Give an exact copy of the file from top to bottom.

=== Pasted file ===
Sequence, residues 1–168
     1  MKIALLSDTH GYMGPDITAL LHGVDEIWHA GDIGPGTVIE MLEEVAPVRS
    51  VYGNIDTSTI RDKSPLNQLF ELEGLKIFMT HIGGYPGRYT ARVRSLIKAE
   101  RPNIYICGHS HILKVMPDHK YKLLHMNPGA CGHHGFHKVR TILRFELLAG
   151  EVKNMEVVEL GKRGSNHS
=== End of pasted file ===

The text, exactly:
Sequence, residues 1–168
     1  MKIALLSDTH GYMGPDITAL LHGVDEIWHA GDIGPGTVIE MLEEVAPVRS
    51  VYGNIDTSTI RDKSPLNQLF ELEGLKIFMT HIGGYPGRYT ARVRSLIKAE
   101  RPNIYICGHS HILKVMPDHK YKLLHMNPGA CGHHGFHKVR TILRFELLAG
   151  EVKNMEVVEL GKRGSNHS